The chicken and the egg

written by

Aila Holley

posted on

April 22, 2022

Our second batch of chicks arrived healthy and well yesterday morning. The first days and nights with the chicks remind me of the early days with newborns. They need fed often, and we have alarms and monitors that wake us many times in the night. 

Now that the snow has melted, we have a few repairs to make on the pasture pens. They were crushed by the heavy snow this winter despite our best efforts to keep them cleared off. Since we are having to the make some major repairs, we’re going to make a few design adjustments as well. We are going to change out the metal sheeting used on the tops for tarps. This will make them lighter and hopefully easier to move. We will then remove the tarps in the fall for storage which will hopefully prevent the extensive damage caused by heavy snow in the winter. The trip to the lumber yard was a bit of a shock…2x4’s that cost us $8.32 in July of 2020 are now $23.52. We try to use scrap and salvage lumber as much as possible but for this we just didn’t have enough scrap or the time to find more. 

This is how we found the pens once the snow started melting.

We are also working on the finishing touches to WinniEggo 2 for the second flock of egg hens. Hopefully in a week or so we’ll starting moving the birds to pasture for the summer. We’ll see how much snow we get this weekend and if that delays our plan.

There has been a lot of uncertainty around poultry this year. We are watching as an outbreak of HPAI (Highly Pathogenic Avian Influenza) spreads across the county. Early in the year it was mostly in the East, and we wondered if it would be an issue for our hatchery in Ohio. Now as it’s traveled west, we are trying to figure out the best course of action. As of this morning HPAI has effected 229 flocks (ranging from backyard flocks with a handful of birds to large commercial operations with millions) in 29 states (including Colorado) a total of over 31 million birds. This is a scary time for poultry producers, and it will also affect consumers as well. I saw this week that chicken breast sold on the commodity market has hit an all time high price. I think we are going to start seeing lower supply and higher prices on eggs, chicken and other poultry very soon.

So what’s our plan? HPAI is spread across the country by wild birds. So far in Colorado it’s mostly been seen in geese. I have spent many hours on the USDA and CDA websites learning about their advised biosecurity recommendations. As well as talking to and reading the advice of our pasture poultry producers. The USDA recommends things like making sure the air in barns is ultra filtered so nothing from the outside can get in, that farm workers use different boots and clothing for each barn or flock they are caring for, that the tires of all vehicles going on and off the farm are sprayed with a disinfectant. These are procedures set up for massive operations that may have a million or more chickens in a single barn. Where most things are automated and one person is managing that many birds. Clearly these things are not possible for us to have a sustainable operation. We have decided that we will continue as we have the last few years. We believe that the birds being out on pasture and having deep bedding in the hoop houses plus the varied diet with grass and or hay helps their overall health. We also believe that things like our altitude, sun, extreme wind (who would have thought that one day I would see that as a benefit) will also reduce the chances of an issue in our area. We are adding additional immune boosters to the flocks as well: things like red pepper flacks, garlic water, and others to help naturally fight off anything that may come our way. We may have to pivot and change our plans but we are hoping not.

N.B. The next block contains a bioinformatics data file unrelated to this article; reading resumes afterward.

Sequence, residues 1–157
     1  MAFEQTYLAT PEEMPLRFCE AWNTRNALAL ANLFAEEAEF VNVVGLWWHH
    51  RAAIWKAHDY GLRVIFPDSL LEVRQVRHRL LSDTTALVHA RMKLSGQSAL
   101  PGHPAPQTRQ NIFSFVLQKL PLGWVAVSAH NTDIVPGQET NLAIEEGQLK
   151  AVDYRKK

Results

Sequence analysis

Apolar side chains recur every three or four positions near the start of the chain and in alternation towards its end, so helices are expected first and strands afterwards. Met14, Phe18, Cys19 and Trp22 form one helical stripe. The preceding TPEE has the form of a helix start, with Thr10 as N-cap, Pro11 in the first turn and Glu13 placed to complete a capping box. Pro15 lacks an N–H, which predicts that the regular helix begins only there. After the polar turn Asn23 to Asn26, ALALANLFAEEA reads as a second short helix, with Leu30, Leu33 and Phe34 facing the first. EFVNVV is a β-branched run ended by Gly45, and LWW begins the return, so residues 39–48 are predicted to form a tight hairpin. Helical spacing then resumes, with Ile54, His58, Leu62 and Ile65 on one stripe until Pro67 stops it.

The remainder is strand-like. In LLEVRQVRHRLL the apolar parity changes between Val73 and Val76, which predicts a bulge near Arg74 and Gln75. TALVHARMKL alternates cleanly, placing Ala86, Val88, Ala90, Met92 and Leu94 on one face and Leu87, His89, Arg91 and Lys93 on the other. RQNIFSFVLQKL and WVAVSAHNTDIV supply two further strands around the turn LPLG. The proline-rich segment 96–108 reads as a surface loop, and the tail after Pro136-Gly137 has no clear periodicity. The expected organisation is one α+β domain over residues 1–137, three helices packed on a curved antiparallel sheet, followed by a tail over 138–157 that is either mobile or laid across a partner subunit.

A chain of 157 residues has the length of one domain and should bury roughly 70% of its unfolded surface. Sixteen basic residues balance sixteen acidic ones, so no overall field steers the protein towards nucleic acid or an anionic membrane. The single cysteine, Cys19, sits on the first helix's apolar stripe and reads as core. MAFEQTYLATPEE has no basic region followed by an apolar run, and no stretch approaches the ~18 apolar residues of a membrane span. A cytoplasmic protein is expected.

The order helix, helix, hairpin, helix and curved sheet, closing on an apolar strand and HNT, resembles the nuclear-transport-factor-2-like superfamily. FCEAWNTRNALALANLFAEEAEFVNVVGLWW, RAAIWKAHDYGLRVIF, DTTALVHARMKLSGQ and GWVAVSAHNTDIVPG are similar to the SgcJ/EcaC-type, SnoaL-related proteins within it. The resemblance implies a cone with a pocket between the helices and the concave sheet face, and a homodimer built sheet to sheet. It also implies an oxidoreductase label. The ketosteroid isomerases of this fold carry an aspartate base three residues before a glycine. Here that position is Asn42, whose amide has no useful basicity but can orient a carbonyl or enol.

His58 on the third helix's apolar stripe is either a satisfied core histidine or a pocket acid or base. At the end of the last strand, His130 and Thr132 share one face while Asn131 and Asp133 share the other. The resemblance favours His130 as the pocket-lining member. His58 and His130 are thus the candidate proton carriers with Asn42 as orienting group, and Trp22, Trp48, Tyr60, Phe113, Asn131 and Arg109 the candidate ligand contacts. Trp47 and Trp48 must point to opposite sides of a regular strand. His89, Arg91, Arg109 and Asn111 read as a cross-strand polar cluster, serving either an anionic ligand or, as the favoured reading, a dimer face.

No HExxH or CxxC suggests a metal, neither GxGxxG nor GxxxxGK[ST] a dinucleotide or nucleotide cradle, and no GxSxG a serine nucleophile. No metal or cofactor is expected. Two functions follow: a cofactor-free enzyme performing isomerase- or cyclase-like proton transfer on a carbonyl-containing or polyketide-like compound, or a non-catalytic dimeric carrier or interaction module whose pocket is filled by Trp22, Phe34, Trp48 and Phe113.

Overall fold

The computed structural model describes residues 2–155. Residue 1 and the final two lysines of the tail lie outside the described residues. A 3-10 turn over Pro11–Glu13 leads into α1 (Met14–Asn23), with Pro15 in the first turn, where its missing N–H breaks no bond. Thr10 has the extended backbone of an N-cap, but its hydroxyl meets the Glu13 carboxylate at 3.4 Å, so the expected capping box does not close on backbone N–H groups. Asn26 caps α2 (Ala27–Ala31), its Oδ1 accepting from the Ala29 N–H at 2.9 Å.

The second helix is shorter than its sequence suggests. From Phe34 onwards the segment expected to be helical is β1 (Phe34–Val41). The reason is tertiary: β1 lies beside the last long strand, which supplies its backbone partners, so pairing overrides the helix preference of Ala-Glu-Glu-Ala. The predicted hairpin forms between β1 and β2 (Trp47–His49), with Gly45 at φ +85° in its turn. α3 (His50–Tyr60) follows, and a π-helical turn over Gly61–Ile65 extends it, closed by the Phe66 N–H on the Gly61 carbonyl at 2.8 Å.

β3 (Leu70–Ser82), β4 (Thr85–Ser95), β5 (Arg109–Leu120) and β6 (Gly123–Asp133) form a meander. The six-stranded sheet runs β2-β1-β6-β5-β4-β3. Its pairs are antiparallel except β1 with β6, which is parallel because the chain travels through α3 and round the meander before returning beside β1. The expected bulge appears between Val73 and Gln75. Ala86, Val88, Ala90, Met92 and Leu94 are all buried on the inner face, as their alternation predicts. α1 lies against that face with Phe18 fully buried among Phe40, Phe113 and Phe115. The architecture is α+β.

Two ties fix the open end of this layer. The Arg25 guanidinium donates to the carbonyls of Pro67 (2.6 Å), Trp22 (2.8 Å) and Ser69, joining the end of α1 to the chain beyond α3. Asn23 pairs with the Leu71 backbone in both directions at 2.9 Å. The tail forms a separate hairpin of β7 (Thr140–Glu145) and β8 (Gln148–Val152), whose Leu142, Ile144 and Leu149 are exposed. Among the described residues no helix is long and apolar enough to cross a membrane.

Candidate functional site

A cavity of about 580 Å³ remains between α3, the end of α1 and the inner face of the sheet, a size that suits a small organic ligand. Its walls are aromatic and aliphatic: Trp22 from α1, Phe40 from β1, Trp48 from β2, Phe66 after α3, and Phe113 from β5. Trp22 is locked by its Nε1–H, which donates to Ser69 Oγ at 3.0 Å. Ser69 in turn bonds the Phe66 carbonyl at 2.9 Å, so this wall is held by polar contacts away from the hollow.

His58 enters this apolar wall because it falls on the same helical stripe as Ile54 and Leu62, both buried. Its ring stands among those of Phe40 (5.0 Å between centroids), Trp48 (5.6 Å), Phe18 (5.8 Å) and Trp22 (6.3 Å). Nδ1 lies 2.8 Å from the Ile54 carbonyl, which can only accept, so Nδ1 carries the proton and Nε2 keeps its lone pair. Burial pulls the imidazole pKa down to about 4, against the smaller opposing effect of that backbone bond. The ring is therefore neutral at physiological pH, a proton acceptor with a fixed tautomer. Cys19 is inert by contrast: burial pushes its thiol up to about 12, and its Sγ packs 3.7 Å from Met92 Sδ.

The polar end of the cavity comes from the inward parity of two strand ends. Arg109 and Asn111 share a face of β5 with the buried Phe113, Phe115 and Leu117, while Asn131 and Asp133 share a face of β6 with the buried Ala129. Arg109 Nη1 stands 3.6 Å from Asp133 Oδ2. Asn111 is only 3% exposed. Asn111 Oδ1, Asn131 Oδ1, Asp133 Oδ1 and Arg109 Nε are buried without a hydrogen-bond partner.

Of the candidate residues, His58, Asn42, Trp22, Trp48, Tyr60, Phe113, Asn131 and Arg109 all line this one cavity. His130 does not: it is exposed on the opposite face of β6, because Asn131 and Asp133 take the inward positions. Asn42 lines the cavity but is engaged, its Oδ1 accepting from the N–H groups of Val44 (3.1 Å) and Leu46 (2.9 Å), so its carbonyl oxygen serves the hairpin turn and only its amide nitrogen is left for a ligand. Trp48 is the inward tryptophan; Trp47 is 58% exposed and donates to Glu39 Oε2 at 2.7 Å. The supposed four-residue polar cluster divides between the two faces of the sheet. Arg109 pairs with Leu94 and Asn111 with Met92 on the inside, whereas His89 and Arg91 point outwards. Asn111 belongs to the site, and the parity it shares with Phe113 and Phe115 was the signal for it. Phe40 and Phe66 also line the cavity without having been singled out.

When everything goes as planned our first batch of turkeys will arrive in 3 weeks and our first processing of chicken will happen late May. Once we actually have the turkeys we’ll start taking deposits for them. We have been hesitant to start that process, until we see how things are going for the hatchery at that point. We are still well stocked on whole frozen chicken and fresh chicken and duck eggs.  

Over the last couple years I’ve been looking at ways to stock and save things as we’ve watched changes in our supplies and ability to get products. Eggs are a great example of that. While with improvements in refrigeration and transportation eggs stopped being seasonal and became available year around at stores. In fact eggs are naturally a very seasonal food. Hens lay more when the days are longer. We have started trying different ways to have eggs around for our family when lay rate is down or demand is higher.  Did you know you can freeze eggs for later use? I like to put them in silicone muffin cups and freeze and then transfer to a ziplock for long term storage, we do this for when they are less plentiful in the winter months. We also freeze dry eggs now. A couple years ago Farmhand 1 and 2 saved the money to buy a food freeze drier. They wanted to freeze dried fruit and backpacking meals. We have started using it more and more for long term food storage. Freeze dried eggs have a shelf life of up to 25 years! We are looking to add these to our store in the near future.  

Well that was a long winded update about the chicken and the egg around here. It’s now time for me to go check the new chick babies again. I’ll keep you posted to any changes.  

All the best in health and happiness,



Pasture Raised


Highly Pathogenic Avian Influenza


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